Attending physician Dr. Marina Reznik at Montefiore has received a new $4.2 million grant from the National Institutes of Health (NIH) to study kids’ asthma care management in primary care with the use of their EHR.
The five-year research study aims to increase adherence to national asthma management guidelines and improve clinical outcomes for children with the chronic illness. The project will also assess whether a practical system change might help children and caregivers in urban areas adhere to the guidelines.
“Asthma disproportionately affects low-income, minority children living in inner cities such as the Bronx,” said Dr. Reznik in a statement. “The use of national guidelines by healthcare providers reduces asthma-related complications by 70 percent, yet these guidelines are not used consistently. The goal of this effort is to elicit an in-depth conversation between providers and patients/families that will enable us to more effectively manage children’s asthma and curb care inconsistencies.”
Research Grant Details
The new NIH grant will allow Dr. Reznik to lead a rigorous randomized trial in 20 Montefiore Medical Group outpatient sites to find out why national asthma management guidelines aren’t being used. The goal is to improve clinical outcomes of children ages 2-12 years old with persistent or uncontrolled asthma.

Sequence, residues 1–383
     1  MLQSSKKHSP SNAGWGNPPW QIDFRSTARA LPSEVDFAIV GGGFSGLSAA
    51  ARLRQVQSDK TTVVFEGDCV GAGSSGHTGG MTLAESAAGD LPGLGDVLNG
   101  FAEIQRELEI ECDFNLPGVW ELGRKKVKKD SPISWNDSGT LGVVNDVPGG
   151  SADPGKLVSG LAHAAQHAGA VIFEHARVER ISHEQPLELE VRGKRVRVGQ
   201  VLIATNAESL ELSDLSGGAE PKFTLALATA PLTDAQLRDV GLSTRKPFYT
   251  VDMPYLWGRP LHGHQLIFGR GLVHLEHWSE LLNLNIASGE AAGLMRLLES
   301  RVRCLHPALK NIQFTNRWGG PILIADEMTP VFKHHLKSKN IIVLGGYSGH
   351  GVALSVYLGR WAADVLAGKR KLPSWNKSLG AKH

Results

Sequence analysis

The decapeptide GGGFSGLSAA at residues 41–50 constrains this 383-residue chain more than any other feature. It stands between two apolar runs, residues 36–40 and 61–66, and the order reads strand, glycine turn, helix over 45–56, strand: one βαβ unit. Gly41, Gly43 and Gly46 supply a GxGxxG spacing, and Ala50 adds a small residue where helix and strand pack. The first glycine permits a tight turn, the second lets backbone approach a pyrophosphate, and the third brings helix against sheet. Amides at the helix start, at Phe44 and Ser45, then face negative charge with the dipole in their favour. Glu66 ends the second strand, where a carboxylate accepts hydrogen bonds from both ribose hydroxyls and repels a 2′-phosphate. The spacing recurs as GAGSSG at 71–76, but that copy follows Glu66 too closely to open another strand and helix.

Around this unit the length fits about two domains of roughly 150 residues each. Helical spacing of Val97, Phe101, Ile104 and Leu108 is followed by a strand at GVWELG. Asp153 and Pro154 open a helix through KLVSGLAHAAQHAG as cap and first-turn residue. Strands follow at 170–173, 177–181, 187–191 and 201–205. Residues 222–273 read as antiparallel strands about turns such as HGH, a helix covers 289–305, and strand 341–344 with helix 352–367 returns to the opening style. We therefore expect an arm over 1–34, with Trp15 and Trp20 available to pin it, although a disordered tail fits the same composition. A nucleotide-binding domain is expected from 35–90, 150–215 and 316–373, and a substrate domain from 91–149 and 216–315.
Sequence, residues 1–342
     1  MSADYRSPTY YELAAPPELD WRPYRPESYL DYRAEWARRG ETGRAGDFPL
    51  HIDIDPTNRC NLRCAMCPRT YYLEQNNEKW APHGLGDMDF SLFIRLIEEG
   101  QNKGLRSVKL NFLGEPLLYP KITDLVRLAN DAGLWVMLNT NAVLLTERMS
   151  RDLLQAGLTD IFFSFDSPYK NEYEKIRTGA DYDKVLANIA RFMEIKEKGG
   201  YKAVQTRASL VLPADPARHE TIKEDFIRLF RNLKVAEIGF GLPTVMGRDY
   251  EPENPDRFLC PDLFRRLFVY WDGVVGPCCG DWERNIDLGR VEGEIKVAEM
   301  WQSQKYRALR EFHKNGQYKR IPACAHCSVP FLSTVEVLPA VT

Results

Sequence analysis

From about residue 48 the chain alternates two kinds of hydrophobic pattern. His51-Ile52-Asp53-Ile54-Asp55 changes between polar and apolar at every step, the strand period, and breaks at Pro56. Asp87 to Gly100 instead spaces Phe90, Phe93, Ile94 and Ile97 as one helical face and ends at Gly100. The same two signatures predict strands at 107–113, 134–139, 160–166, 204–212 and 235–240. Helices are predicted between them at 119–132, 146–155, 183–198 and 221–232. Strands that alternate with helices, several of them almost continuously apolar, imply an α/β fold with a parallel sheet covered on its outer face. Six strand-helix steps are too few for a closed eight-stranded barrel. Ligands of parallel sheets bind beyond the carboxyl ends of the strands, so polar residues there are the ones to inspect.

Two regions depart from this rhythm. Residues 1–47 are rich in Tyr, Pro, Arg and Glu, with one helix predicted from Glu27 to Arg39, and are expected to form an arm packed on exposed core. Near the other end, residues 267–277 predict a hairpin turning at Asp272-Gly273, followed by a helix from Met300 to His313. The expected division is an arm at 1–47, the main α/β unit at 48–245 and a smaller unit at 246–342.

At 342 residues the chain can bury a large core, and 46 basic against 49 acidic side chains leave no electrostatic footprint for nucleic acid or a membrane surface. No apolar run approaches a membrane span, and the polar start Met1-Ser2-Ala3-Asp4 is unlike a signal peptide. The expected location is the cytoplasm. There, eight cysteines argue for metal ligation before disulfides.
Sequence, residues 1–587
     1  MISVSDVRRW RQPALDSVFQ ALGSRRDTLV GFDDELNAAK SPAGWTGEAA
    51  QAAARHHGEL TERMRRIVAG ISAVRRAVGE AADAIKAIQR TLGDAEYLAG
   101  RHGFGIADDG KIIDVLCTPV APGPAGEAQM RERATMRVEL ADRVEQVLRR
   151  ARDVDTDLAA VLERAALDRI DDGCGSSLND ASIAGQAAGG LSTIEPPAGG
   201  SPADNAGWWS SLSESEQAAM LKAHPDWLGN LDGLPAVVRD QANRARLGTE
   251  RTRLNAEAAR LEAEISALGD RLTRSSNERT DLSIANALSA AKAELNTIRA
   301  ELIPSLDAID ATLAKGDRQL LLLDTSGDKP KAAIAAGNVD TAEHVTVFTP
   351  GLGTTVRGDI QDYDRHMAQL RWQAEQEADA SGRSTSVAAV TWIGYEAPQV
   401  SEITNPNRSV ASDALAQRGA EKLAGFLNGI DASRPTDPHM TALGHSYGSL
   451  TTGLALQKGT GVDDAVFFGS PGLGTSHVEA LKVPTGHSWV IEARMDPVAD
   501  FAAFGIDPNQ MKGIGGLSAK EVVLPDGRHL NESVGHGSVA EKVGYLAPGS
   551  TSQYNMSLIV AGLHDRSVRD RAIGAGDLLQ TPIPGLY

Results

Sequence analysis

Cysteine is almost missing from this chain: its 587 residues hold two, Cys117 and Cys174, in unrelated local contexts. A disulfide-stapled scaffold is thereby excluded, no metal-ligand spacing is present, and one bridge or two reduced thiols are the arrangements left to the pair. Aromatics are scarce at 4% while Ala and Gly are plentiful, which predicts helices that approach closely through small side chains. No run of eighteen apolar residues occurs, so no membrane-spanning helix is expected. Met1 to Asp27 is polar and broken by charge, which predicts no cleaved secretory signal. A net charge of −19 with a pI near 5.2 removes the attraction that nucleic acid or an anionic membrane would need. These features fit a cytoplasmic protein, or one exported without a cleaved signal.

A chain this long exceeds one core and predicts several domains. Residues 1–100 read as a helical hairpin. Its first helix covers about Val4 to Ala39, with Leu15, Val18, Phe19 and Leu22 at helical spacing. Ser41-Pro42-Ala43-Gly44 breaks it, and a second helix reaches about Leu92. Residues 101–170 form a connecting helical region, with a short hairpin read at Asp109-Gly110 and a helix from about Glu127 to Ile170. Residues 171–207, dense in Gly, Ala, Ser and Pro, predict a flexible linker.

The study, which launches this month, will use new EHR software to alert doctors, through enhanced computer prompts, to ask a nationally recognized set of questions to assess asthma severity and control. The prompts will also guide physicians in their decision-making process on how to best address and control the patient’s asthma. In addition, caregivers of children with persistent severe asthma will receive enhanced education, care coordination and support to overcome barriers to guideline-based care.
Marina Reznik, M.D., M.S., attending pediatrician, Division of General Pediatrics, Department of Pediatrics,Children’s Hospital at Montefiore, (CHAM) is a prolific researcher who has authored more than 50 articles, book chapters, and editorials on the development and evaluation of community and school-based interventions to improve healthcare services and outcomes for medically underserved children. The study, funded by this NIH grant, builds on a breadth of asthma research conducted by Dr. Reznik and the team at CHAM, including 2013 research published in the journal, Asthma, which found that caregivers often administer asthma medication improperly, which can lead to continuing or worsening symptoms.